(3) Project Manager and Lead Technical Integrator for the RWM High-heat-generating Waste Integrated Project Team. David managed the delivery to time and budget of all the technical activities. This included the development of tools to understand the engineering footprint for HHGW. This significantly improved how such assessments were preformed and enabled key engineering decisions on separation of HHGW to manage the maximum temperature of key components of a GDF.
(4) Other recent projects include: Lead Technical integrator for Considerations of Voidage in the GDF and Related Implications, Preliminary Concept development for Plutonium wastes, Technical Director for contributions to SKB’s Engineered Barrier Task Force for a period of 10 years, and Technical Expert supporting an Engineering Feasibility Studies: Disposal Concept for HHGW.
David RobertsPrincipal Consultant
David joined the team at MCM in May 2021 and has sixteen years’ experience working on various aspects of radioactive waste management. This includes work in the areas of concept design, safety assessment, and process modelling in several international programmes for geological disposal.
David recently worked on a preliminary generic safety assessment for the disposal of radioactive wastes associated with decommissioning the Fukushima Daiichi nuclear power station in Japan. This involved developing a preliminary safety assessment to investigate a range of disposal options for decommissioning wastes, including a novel way to efficiently distribute different wastes to each type of facility. David also developed post-closure performance assessment models as part of a generic safety case for geological disposal in the UK. The aim was to develop a suite of post-closure performance assessment models using GoldSim – along with supporting documentation, verification records and database – for RWM to use as part of their 2016 generic Disposal System Safety Case.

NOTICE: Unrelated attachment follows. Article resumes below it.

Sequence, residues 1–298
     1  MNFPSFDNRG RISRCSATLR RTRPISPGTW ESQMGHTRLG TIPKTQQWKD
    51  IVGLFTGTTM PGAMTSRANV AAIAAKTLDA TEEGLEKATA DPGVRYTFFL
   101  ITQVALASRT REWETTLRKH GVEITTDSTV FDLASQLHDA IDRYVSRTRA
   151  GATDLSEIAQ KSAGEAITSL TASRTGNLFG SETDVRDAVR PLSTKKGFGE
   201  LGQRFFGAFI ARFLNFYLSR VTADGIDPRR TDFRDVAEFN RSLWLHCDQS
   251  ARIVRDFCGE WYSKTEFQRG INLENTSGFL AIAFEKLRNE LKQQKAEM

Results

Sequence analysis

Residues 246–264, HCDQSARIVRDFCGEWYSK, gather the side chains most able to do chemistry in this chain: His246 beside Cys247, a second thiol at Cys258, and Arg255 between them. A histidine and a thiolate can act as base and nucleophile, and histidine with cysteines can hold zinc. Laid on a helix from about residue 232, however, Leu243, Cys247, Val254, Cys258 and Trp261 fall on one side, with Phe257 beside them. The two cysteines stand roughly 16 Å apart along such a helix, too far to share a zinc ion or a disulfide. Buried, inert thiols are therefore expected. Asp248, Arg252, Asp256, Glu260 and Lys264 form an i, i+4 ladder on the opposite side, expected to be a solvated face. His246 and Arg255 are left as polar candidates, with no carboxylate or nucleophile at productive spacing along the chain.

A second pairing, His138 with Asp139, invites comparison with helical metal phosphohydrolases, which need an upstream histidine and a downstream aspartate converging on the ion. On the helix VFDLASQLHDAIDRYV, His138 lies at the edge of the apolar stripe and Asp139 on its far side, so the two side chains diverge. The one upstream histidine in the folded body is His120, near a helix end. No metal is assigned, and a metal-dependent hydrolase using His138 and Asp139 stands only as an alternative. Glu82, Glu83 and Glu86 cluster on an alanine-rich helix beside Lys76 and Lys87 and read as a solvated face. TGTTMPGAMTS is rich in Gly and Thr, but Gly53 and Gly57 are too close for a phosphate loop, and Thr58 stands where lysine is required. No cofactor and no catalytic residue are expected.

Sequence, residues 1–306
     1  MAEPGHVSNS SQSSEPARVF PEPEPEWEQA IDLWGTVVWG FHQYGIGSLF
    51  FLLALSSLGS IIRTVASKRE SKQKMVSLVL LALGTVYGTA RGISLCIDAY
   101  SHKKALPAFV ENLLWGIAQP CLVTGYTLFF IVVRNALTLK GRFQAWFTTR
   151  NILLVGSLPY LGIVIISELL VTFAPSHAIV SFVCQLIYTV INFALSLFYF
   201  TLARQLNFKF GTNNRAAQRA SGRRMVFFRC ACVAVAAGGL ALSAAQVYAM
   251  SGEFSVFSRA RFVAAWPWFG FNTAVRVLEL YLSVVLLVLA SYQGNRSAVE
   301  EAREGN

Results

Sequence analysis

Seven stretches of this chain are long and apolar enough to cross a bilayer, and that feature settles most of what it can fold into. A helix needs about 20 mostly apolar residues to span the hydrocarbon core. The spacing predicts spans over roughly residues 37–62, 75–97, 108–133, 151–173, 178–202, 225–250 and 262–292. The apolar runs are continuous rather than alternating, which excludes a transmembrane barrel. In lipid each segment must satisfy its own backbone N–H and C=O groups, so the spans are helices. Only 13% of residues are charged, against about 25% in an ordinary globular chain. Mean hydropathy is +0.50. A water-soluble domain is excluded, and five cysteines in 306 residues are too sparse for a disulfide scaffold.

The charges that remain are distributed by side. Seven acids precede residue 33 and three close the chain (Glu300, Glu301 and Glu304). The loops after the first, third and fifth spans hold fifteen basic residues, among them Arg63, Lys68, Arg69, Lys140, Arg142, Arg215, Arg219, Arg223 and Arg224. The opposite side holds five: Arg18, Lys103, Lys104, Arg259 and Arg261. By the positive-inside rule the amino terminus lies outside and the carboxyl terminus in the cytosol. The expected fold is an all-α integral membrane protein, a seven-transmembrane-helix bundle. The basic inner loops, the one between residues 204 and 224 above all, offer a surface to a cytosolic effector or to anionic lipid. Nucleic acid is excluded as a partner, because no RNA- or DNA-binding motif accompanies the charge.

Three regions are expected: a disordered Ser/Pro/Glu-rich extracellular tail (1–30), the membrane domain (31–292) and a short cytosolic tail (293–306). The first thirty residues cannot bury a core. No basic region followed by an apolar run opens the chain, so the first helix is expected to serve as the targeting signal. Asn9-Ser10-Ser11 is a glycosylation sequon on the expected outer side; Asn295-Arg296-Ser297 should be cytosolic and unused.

David worked on a number of tasks as part of the Concept Development Integrated Project for RWM. The overall aims were to provide an underpinned range of geological disposal concepts for consideration during site assessment in the UK. David made technical contributions to several tasks in this project, including consideration of: Disposal options for highly enriched uranium; the use of silos for ILW; the use of multi-level repository designs; and post-closure safety modelling for a range of disposal concepts.
David has experience in thermal modelling, including work on the thermal modelling of Intermediate Level Waste disposal areas for RWM. David completed work on the thermo-hydro-mechanical evolution of a UK geological disposal facility due to disposal of high-heat-generating waste, investigating the consequences of thermal expansion of rock on pre-existing fractures.
David has undertaken hydrogeological modelling to support site investigations and repository performance assessment at Olkiluoto, Forsmark and Laxemar (For SKB and Posiva). This involved statistical analysis of fracture data from boreholes, outcrops and tunnels and the development of stochastic fracture network models calibrated to hydraulic test results. Scale effects were addressed by upscaling fracture models to estimate equivalent large-scale bulk properties. David performed modelling of large-scale hydraulic tests to build confidence in the structural models, and palaeo-chemistry simulations to understand the evolution of the chemical composition of groundwater in fractures and matrix porewater over a glacial cycle.
Martin KellyPrincipal Consultant
Martin joined the team at MCM in December 2021 and has over twenty-eight years’ experience of radiological and non-radiological assessments, modelling of contaminant transfer and uptake in the biosphere, and dose and risk assessment. Martin’s experience includes development of conceptual models, detailed numerical models and simplified models that are designed to represent the key processes in a physical system. He is an expert in the development and construction of assessment models using the GoldSim computer code.
He graduated from the University of York in 1989 with a BSc (1st Class) in Theoretical Physics, and later from the University of Warwick in 1994 with a PhD in Theoretical Physics.